Shooting hand-held at the Moon is just fine – due to the Moons brightness the exposures can be very short. My video frames (not hand held) were about 1/22nd of a second each.

    I think your images are marvellous and a credit to your photographic skills.

    Now go and do the same with Pluto……………. 🤪

    ˙ɹǝpu∩ uʍop ɯoɹɟ spɹɐƃǝɹ ʇsǝq
    ɹǝƃoɹ
    🙃

    Liked by 2 people

  2. etinkerbell says:

    Really excellent, Emilio. I am impressed.

    Like

  3. oneowner says:

    I’m impressed with these shots. Even more so when I read that they were shot handheld. Nice work!

    Like

    • disperser says:

      Thanks, and OK, OK . . . not exactly handheld. I form a platform for the camera using my left arm by placing my left hand on my right shoulder and pointing the elbow toward the subject and then resting the camera on the crook of the elbow.

      I still have to control the breathing and be still for a few seconds before gently pressing the shutter release because it’s a bit awkward.

      I take four or five shots in that pose and of those, usually at least three are pretty good (the quality of the above shots).

      Like

  4. Kudos! Warmest regards, Ed

    Liked by 1 person

  5. AnnMarie says:

    All I’ve got to say is that I’m so glad to read that others think the same as I do: you’ve got great photographic skills!

    Like

    • disperser says:

      I’ll tell you true and honest: my skill is learning the equipment I use. My contribution to the actual photo-taking is primarily pointing the camera at the Moon. Since it’s the only big thing in the sky, it’s difficult to mess up.

      Like

  6. Wowza! I always love your moon photos! And these are over-the-moon spectacular! Great job, Emilio! You have a good-eye (s) and good skills! Bravo!

    Thanks for the yet-another-use for Duct Tape! Cool advice! They should do a commercial about that!
    Bestest wishes on the painting, maintenance, etc.!

    By the way…being a mom, and grandma, and having been a teacher for eons by profession…I know how to hold a book so the kids can see the pages…which means the reader has to read upside-down, so I’m a well-seasoned pro at that! So, HA, I enjoyed reading the “down-under” comments!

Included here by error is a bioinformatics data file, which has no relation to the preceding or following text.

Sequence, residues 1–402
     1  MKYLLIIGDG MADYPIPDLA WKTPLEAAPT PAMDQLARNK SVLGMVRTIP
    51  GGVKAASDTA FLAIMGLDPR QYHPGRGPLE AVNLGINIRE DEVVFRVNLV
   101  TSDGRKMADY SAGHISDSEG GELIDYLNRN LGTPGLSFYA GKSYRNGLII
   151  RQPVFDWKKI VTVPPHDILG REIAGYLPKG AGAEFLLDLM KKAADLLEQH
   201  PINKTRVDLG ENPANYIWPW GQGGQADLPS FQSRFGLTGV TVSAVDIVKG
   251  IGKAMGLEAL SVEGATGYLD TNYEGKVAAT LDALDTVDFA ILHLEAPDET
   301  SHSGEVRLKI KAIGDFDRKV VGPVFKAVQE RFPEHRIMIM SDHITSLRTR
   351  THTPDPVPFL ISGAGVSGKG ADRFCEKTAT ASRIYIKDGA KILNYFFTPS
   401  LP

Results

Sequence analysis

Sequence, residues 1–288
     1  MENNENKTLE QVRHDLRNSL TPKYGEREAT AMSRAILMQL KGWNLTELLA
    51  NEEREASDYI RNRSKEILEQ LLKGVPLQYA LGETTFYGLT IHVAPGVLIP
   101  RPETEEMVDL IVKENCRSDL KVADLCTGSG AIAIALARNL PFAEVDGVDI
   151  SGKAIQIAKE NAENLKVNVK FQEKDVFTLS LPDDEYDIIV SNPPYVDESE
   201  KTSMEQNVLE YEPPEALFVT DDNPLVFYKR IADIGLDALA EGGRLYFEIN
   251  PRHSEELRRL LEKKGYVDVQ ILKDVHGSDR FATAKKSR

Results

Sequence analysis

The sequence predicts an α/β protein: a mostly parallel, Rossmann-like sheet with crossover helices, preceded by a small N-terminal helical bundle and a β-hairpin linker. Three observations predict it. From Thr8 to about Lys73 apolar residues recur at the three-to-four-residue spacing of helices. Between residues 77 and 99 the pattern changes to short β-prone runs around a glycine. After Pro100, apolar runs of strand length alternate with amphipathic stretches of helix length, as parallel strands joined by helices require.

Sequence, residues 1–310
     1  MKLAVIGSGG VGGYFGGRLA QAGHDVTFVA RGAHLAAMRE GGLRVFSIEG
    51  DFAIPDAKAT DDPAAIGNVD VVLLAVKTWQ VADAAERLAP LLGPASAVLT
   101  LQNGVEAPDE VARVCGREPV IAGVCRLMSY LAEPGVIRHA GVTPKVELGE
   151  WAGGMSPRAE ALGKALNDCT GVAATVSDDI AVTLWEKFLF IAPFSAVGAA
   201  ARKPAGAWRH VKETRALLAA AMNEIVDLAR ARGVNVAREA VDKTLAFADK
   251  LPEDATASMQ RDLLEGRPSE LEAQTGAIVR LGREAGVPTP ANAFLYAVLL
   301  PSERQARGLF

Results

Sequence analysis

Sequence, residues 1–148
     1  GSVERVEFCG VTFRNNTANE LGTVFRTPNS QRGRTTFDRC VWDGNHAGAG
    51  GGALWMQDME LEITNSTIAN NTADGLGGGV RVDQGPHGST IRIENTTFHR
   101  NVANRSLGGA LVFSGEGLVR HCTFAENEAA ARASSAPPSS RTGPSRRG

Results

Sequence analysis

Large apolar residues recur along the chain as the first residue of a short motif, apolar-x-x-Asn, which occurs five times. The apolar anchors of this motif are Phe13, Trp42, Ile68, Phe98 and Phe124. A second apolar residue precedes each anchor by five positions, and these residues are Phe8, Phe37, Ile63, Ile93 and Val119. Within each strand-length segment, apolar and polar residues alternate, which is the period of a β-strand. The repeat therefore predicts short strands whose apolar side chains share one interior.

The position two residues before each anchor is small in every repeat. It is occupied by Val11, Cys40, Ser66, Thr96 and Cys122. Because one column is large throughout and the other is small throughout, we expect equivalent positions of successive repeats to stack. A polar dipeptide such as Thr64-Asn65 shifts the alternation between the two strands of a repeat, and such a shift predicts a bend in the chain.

Getting Pluto to pose…snort!!!
    HUGS!!!

    Like

    • disperser says:

      Thank you, Carolyn. It doesn’t approach the detail and clarity of the Cosmic Focus moon, but I was pleased with it.

      Odds are my photo of Pluto is much clearer and sharper than his, so I’ll call it a draw.

      As for the upside down writing, I couldn’t find what I really wanted: a reflection version of the right-side-up text. That’s how I imagine upside down text to be, like the reflection of trees on a calm lake.

      You can read upside down eh? Have you considered politics?

      Liked by 1 person

      • You’re welcome!

        I don’t have the “qualities” it takes to be a politician these days. And I’ve got no cut-throat in me.

        Like

      • disperser says:

        That’s the beauty of politics . . . Not only you don’t need to know anything, but you’re also not required to do anything.

        I’m sure you’d be head and shoulders above any of the current crowd that’s in office because sayat least you would care.

        Sorry about that, I was on the phone and didn’t notice the spelling.

        Like

  7. mvschulze says:

    Two of my favorite bloggers – and both having me falling “upside down” on the floor laughing – while being captivated by a lot of great stuff… I laugh when thinking of my early days and the resources we had available simply trying to photograph the moon. Regarding this week’s Transit of Mercury, …over 50 years ago, my friend and I managed to get a keeper picture of that event with a polaroid land camera, hand held to the eyepiece of a small “Tasco” refractor, and it was published in the local paper! But now… the science and technology has gone way beyond …. where no man has gone before. M :-)

    Liked by 1 person

    • disperser says:

      One of my earliest disappointments in photography was snapping a photo of what looked like a HUGE moon . . . and getting a small bright dot devoid of details.

      Yes, we’ve come a long way.

      Thanks for the comment.

      Like

  8. Oh the mountains of the moon!

    Liked by 1 person